Two Tennessee motorists were injured when a school bus crashed into a pickup truck along Beaumont Avenue in Knoxville during rush hour on Feb. 27.
According to the Insurance Institute for Highway Safety (IIHS), there's no one single factor that causes truck crashes to occur. There are certain ones that expose motorists to more serious injuries than others, though.
A 28-year-old South Dakota truck driver was cited on Oct. 3 for causing a crash along Interstate 40 that ended up sending a family of four to a Knoxville hospital. The crash occurred right before 3:30 p.m., along the intersection of 17th Street and I-40, an area located just east of Alcoa Highway.
Despite efforts by government agencies and lawmakers to reduce trucking accidents in the nation, they continue to occur, killing and injuring thousands of Americans. When you consider the vast number of large trucks registered to operate in the country, it is surprising that more people do not suffer in such an accident. The following data may illustrate this point.
An interview late last month with firefighters working with the Knoxville Fire Department revealed why it may take them a little longer than it should to respond to calls for assistance. They often drive much slower than they'd otherwise have to in an effort to make sure that they don't collide with distracted drivers.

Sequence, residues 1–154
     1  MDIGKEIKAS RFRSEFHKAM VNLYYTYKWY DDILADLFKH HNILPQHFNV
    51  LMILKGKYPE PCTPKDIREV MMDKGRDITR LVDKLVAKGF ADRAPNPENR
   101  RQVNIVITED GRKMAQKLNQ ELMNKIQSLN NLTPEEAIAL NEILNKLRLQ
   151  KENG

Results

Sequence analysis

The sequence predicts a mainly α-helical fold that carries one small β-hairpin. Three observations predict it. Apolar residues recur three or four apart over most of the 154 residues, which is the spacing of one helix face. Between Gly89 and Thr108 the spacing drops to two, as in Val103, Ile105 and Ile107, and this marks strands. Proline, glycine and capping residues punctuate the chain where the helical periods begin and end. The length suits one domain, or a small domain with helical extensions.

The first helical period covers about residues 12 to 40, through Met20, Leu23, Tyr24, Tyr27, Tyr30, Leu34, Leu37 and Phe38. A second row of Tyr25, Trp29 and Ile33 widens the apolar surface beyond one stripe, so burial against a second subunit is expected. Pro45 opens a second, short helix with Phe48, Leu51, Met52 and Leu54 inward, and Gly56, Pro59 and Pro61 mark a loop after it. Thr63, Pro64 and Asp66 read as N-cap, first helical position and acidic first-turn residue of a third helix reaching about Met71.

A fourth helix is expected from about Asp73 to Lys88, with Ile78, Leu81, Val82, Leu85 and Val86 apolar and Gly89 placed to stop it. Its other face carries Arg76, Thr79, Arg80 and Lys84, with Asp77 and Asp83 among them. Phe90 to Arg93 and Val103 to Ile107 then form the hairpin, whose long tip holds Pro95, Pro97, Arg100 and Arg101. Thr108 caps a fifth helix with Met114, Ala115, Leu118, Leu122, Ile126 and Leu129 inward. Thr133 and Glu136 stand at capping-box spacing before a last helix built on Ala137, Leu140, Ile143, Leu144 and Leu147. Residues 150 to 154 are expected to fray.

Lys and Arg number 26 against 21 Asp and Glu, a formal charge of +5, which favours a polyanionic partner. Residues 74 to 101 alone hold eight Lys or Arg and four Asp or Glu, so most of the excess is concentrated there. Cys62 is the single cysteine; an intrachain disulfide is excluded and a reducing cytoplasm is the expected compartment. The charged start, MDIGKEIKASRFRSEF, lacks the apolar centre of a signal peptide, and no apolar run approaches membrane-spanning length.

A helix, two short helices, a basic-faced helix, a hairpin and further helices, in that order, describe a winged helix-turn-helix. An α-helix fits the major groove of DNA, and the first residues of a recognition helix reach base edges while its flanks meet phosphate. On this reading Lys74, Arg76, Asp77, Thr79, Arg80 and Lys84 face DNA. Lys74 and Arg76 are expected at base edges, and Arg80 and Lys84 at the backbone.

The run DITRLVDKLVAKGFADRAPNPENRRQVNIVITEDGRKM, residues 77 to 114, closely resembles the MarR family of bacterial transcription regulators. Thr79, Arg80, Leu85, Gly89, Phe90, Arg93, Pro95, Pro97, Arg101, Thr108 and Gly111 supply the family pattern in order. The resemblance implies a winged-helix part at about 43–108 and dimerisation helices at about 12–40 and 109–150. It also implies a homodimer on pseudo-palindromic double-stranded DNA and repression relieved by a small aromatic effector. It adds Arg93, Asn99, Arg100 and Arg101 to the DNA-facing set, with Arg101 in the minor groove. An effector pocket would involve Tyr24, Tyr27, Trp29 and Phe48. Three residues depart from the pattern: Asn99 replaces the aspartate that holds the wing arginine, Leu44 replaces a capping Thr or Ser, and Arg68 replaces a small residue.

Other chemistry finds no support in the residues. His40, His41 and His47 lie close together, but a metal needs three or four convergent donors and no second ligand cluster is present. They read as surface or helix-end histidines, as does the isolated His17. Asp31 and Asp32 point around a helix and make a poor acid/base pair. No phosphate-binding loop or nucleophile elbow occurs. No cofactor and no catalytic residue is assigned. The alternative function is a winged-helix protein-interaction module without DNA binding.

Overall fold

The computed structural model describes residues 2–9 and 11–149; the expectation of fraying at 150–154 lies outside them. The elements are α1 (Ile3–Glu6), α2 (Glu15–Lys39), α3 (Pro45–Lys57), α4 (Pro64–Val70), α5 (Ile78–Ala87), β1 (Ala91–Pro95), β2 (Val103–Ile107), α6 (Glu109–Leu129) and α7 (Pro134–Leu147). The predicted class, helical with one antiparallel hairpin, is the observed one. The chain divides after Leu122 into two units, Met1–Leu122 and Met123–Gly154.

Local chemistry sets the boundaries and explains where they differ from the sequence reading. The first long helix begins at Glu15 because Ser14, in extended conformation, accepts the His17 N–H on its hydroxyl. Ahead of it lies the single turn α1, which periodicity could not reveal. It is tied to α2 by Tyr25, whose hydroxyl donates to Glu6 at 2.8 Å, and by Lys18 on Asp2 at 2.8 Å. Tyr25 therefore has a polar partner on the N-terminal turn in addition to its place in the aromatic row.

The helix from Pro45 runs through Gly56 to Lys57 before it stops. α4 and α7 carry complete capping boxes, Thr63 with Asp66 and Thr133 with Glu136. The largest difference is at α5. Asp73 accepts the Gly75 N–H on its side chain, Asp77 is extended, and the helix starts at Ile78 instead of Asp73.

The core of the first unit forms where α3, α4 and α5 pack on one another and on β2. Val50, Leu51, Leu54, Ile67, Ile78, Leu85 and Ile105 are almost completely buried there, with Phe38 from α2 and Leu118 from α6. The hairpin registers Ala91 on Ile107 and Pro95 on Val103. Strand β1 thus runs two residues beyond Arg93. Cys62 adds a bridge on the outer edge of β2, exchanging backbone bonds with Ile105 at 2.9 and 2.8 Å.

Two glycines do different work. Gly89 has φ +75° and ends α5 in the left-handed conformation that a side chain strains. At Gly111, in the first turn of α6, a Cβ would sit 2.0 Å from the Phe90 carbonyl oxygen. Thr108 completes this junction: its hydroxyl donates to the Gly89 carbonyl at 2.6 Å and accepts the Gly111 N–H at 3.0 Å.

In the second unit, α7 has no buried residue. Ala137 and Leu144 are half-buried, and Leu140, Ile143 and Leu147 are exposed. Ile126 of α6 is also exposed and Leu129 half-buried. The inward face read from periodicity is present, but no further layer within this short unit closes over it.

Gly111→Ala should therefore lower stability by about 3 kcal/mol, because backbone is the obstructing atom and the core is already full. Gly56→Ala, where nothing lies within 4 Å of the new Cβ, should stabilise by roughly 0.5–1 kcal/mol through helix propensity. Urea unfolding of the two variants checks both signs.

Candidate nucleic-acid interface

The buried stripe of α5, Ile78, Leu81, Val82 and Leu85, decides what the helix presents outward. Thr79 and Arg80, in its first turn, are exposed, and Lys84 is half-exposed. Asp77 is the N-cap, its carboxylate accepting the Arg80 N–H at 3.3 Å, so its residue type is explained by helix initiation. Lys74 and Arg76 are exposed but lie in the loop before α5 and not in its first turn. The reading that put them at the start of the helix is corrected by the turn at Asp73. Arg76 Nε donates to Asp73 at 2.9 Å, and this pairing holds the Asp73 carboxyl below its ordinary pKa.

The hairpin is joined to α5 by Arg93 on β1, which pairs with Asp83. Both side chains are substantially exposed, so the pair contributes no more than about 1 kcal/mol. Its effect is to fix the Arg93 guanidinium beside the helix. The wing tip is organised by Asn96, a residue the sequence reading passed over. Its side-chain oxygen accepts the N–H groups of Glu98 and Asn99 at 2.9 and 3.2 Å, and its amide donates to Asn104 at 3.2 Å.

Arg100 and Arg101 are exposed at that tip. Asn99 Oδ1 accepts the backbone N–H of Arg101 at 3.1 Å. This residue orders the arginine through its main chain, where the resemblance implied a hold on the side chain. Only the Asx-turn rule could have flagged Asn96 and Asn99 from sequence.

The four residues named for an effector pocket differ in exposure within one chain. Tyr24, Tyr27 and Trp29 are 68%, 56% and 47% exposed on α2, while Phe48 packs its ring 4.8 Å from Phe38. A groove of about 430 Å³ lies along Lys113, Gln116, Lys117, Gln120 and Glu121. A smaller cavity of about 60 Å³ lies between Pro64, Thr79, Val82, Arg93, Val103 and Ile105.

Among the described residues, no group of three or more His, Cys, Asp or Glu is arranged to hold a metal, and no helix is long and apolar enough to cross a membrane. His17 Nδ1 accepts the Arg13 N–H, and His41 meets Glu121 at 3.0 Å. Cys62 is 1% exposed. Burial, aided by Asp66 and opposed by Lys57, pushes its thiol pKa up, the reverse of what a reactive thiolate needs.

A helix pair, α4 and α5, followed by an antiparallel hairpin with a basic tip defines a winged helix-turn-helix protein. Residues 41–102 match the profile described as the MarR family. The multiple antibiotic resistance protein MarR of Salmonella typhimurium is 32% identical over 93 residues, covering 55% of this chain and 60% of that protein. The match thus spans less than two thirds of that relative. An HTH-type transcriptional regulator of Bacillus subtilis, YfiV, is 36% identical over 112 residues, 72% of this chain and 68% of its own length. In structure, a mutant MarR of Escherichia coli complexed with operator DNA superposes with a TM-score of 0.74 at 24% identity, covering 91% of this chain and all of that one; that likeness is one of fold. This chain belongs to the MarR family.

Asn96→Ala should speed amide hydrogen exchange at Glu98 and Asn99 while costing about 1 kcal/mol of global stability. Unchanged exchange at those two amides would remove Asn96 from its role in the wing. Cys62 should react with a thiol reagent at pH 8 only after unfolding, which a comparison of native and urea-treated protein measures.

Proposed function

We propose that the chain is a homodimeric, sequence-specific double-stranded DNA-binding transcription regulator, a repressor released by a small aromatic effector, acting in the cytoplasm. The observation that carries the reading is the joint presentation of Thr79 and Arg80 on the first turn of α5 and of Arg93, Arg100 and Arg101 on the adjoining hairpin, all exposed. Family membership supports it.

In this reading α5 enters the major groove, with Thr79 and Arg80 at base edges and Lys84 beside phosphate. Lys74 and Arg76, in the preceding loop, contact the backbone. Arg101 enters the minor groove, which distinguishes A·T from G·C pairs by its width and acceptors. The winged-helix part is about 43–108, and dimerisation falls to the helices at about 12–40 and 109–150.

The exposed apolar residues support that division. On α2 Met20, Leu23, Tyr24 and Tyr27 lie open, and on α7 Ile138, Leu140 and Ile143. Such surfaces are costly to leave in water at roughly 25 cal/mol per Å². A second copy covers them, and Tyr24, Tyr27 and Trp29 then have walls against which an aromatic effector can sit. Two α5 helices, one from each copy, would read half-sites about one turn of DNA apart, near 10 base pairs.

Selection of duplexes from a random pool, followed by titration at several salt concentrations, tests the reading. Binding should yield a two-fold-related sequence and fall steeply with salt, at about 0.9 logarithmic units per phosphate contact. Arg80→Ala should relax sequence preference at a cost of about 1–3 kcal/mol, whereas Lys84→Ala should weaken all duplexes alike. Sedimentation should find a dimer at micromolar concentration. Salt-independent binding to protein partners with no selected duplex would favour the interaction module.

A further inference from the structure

As you may already know, a law requiring truckers to use an electronic logging device (ELD) went into effect near the end of 2017. The government believes that ELDs will keep truckers from driving too many hours, thus reducing truck driver fatigue as well as trucking accidents. In order to be an acceptable device, an ELD should have the following features.
Government at the state and federal levels recognize the injury risks associated with trucking accidents. While most people only hear about regulations aimed at preventing distracted, exhausted and intoxicated driving, the physical health of truck drivers is just as important as driving safely. As such, the law requires that all truck drivers in Tennessee and elsewhere meet certain requirements.
It is impossible to overemphasize the devastation victims of trucking accidents often suffer. These motor vehicles are massive when compared to ordinary cars and pickup trucks. A collision between these vehicles nearly always means one or more people will suffer catastrophic injuries and in some cases, death.
When large commercial trucks get into accidents with consumer vehicles, the results are often devastating. Unfortunately for many drivers, the widespread prevalence of large commercial trucks throughout our highways and interstates leads many drivers to grow a little too comfortable when sharing the road, and they may not always remain aware of the risks of driving near commercial vehicles. When these accidents do occur, the victims often do not know how to respond or how to protect themselves in the aftermath.
An underride crash occurs when a vehicle slides underneath a large truck, such as a tractor-trailer, in a collision. According to a report the National Highway Traffic Safety Administration (NHTSA), there were 114 fatalities in underride crashes in Tennessee from 1994 to 2015. While that number might not be as high as you might expect, it is too high for those families who have lost a loved one in an underride crash.